Enjoying the Outdoors in Paris

It’s almost springtime in Paris – the birds are singing, love is (of course) in the air, the outdoor markets are bustling, and the sidewalk bistros are home to day-long people watchers/newspaper readers/coffee sippers. If you’re lucky enough to be visiting this enchanted city during the spring time, there’s plenty of things to do in the fresh French air. Here’s some of our favorites:

Le Vergers de Champlain

Of course you can always stop by one of the local markets to pick up some fresh produce, but why do that when you can pick your own? The Vergers de Champlain is only 23 km south of Paris, and is always rotating about 40 different fruits and vegetables between seasons. Come here and pick your own fresh apples, tomatoes, lettuce, potatoes, cucumbers and much more!

Parc des Buttes-Chaumont

Sometimes parks are just parks, but this isn’t one of those times. The Parc des Buttes-Chaumont is often missed, but this 19th arrondissement park shouldn’t be missed. It’s on the site of a former gypsum and limestone quarry, full of winding paths, waterfalls, temples, and cliffs, and is a little piece of heaven right in the middle of the busy city. Perfect place for a midday stroll.

Cimetiere du Pere-Lachaise

Talk a walk with the dead in the Cimetiere du Pere-Lachaise celebrity cemetery. You can even view the famous (and unfortunately graffitid) grave of the late Jim Morrison. Despite the grave subject, it’s truly a beautiful cemetery.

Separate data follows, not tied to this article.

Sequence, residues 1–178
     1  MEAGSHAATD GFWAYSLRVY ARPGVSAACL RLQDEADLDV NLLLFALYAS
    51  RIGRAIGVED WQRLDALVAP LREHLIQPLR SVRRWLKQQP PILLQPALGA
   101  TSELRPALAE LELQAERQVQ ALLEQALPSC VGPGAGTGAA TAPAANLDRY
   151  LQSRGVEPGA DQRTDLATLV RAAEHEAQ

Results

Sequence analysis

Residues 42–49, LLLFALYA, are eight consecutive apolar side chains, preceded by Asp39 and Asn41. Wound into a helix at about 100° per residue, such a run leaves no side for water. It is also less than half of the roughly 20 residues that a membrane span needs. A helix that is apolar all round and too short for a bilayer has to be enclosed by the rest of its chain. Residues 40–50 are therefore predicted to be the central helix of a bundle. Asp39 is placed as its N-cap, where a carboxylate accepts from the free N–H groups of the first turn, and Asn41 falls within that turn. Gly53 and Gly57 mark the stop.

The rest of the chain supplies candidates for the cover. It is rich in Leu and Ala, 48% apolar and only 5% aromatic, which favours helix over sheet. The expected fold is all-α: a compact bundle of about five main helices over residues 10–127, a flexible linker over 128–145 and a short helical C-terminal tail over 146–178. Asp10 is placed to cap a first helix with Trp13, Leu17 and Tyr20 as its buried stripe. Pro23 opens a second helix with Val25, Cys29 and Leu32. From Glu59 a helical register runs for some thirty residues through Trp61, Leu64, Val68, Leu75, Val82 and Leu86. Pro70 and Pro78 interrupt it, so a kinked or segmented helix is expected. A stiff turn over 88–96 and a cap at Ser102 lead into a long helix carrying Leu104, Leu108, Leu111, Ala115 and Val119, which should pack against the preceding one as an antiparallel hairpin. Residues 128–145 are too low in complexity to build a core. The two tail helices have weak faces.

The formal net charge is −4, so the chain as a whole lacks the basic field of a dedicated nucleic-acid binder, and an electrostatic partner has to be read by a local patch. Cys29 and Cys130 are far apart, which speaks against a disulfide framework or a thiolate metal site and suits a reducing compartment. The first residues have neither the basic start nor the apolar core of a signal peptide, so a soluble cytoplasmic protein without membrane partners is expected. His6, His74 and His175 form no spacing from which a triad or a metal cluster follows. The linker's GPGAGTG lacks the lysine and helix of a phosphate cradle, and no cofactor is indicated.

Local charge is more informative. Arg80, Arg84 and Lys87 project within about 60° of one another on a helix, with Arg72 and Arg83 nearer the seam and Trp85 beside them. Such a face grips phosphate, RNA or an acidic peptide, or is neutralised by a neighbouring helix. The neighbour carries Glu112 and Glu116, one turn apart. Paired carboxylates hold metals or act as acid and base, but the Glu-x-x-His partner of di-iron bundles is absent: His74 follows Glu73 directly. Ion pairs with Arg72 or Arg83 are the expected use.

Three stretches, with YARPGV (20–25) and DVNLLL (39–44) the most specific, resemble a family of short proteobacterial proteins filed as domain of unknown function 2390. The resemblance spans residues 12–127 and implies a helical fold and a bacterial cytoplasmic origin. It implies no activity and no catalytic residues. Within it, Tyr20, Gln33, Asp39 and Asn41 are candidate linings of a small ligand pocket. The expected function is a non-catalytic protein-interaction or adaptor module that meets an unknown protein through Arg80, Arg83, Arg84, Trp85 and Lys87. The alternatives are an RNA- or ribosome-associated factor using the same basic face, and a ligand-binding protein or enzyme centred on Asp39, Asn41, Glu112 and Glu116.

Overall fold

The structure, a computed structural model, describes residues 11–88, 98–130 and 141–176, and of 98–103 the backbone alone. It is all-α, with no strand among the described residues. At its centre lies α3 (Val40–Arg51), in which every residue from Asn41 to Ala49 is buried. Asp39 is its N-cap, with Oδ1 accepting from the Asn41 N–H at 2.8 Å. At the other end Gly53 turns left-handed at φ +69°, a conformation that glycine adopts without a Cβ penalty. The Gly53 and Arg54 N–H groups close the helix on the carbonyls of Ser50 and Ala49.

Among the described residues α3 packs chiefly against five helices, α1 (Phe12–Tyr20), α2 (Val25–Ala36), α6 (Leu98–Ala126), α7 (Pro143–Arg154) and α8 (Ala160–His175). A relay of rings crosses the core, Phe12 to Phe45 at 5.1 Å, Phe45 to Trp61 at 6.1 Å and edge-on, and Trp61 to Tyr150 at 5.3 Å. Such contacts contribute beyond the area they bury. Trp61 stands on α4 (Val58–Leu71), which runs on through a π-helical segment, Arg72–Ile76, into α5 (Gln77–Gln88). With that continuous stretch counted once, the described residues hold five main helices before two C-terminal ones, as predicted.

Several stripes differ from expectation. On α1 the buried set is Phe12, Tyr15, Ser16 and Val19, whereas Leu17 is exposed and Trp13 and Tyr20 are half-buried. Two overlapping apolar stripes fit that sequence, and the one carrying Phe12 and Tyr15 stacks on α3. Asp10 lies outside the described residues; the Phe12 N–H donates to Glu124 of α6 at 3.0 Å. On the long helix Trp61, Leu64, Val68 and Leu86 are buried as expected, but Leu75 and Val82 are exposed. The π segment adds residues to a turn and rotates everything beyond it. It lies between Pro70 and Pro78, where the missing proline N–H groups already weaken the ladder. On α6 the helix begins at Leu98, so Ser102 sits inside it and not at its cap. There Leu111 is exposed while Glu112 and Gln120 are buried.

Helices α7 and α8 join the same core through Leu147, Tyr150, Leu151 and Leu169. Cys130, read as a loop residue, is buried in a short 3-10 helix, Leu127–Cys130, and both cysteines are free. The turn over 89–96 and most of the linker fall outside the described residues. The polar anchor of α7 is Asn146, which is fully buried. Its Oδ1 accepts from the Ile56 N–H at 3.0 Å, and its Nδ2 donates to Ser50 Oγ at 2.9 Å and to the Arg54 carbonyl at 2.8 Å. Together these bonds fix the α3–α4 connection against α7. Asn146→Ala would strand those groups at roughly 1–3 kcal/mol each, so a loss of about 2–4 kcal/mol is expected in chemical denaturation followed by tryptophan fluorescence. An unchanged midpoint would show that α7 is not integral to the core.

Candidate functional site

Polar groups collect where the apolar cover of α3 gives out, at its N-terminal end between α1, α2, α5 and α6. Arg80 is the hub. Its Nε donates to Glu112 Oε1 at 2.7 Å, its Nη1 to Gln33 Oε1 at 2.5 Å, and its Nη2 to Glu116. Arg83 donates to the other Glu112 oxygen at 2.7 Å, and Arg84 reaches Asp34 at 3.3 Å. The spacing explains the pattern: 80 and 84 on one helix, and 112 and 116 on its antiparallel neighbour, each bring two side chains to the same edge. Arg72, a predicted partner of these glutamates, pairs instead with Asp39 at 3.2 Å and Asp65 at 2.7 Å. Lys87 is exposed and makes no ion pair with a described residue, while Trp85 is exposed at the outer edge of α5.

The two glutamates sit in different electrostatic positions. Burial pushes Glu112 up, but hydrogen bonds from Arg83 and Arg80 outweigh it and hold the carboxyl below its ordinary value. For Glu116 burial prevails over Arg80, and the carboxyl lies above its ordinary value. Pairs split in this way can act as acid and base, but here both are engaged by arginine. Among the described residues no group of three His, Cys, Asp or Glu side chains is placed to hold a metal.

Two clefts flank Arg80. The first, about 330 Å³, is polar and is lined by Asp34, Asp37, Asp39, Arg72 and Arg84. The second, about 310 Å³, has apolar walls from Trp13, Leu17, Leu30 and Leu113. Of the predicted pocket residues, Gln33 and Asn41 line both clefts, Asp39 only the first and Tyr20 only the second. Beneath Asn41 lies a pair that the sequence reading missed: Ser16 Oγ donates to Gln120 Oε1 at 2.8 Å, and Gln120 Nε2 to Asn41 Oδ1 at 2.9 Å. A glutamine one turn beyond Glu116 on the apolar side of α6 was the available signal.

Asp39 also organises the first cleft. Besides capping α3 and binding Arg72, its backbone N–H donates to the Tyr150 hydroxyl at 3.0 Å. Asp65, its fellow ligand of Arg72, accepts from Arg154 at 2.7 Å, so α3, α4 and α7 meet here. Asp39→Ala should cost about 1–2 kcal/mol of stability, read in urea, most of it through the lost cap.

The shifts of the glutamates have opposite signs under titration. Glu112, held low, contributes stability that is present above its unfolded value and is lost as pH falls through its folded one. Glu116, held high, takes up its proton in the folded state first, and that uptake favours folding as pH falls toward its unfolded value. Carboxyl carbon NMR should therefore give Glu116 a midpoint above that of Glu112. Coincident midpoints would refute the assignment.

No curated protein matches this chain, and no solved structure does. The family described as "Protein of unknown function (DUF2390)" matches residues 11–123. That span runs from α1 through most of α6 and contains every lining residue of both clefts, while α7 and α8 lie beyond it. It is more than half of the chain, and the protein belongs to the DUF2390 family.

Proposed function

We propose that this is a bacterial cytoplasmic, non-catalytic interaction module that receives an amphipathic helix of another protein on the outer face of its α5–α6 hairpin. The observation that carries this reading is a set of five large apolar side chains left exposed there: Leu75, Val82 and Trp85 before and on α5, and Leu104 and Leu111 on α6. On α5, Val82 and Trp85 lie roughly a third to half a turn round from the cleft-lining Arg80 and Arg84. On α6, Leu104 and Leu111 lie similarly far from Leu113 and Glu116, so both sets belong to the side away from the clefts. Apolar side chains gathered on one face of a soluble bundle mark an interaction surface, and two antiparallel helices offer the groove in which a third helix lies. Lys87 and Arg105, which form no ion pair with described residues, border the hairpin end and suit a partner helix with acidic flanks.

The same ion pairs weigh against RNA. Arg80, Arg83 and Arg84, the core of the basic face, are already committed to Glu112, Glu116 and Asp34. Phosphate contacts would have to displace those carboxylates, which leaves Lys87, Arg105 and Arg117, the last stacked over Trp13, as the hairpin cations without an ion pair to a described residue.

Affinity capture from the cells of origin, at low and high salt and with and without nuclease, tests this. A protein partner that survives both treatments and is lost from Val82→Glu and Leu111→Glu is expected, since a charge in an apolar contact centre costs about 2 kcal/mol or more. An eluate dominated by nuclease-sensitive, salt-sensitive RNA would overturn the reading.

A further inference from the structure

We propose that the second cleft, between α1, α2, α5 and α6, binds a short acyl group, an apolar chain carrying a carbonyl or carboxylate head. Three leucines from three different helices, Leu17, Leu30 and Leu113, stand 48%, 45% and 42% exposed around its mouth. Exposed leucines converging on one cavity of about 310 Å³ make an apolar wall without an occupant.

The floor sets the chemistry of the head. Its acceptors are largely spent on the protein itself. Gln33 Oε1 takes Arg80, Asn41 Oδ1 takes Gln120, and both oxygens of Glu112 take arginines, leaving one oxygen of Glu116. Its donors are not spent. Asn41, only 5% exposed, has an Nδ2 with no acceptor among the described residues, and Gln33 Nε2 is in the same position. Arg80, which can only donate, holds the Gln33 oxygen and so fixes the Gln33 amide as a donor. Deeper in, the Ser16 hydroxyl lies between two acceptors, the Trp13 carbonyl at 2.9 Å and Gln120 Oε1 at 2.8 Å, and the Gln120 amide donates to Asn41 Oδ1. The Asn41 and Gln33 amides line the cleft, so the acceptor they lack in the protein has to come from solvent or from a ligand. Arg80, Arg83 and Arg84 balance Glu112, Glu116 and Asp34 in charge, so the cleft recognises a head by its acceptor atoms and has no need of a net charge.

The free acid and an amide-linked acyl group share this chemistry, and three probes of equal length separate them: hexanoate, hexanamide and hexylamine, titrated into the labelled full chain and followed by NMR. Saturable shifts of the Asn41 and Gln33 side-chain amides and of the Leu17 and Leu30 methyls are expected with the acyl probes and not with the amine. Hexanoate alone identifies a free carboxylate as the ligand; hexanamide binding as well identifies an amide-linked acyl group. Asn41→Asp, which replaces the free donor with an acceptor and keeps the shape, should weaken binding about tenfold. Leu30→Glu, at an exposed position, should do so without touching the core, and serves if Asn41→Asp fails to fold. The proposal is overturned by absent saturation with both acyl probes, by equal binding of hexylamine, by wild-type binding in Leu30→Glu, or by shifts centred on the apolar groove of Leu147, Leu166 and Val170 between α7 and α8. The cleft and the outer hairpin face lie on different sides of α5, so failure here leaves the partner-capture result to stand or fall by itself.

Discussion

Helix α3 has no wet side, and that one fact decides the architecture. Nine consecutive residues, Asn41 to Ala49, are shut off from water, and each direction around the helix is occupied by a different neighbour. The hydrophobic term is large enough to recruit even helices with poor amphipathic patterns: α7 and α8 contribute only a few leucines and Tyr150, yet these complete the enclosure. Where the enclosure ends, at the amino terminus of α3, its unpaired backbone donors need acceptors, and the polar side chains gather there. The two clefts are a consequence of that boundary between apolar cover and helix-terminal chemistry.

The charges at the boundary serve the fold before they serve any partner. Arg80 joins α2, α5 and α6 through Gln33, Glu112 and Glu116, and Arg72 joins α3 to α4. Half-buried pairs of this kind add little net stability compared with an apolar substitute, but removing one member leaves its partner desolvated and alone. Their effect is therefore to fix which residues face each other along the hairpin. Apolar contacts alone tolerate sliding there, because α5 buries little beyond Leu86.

Place des Vosges

La place des Vosges, dans le IVe arrondissement de Paris.

Here lies the city’s first planned square, built in 1612 by Louis XII, it’s symmetrically laid out, including carriageways. Its style is also a bit different than what you are used to seeing in Paris, red brick and stone and steeply pitched slate roofs.

La Coulee verte

A long time ago, steam engines used to blow through here, but no more as of 1969. Now the area is full of glass shops, translucent apartments, tree lined cycling paths, and beautiful gardens. You can even catch some fantastic artwork decorating the outside of the police station, cirque 1930’s. Pack a picnic to eat in the Jardin de Reuilly and take a stroll through this unique part of Paris.

The Gardens of Paris

Among the many beauties Paris has to offer are well crafted and gorgeous gardens scattered throughout the city. Take a tour with your significant other through the romantic Luxembourg Gardens, or stroll through the famous royal Versailles park, take a gander at the Tuileries Gardens while on your trip to the Louvre, among others. These gardens offer a breath of fresh air amongst the hustle and bustle of busy Paris.

Right outside the Louvre lies the Tuileries Gardens. Beautiful, well groomed, and bursting with color during spring time.

The Luxembourg Gardens are often crowded, as they are a Parisian favorite, however they are absolutely worth seeing - especially in front of the backdrop of Luxembourg Palace

Versailles Park is a sight to behold. Perhaps one of the most well layed out and extraordinary gardens Paris has to offer.

The stunning roses at the Bois de Boulogne garden are reason enough to visit

The Bois de Vincennes gardens have a wonderful French countryside sort of feel

Attractions Map of Paris

Because Paris has so much to see and do, it’s always nice to get a birds eye view of what’s there and make your touring plan. Below is a map displaying some of Paris’ main attractions and must-see’s that may help. (You can click on the map to see the full image)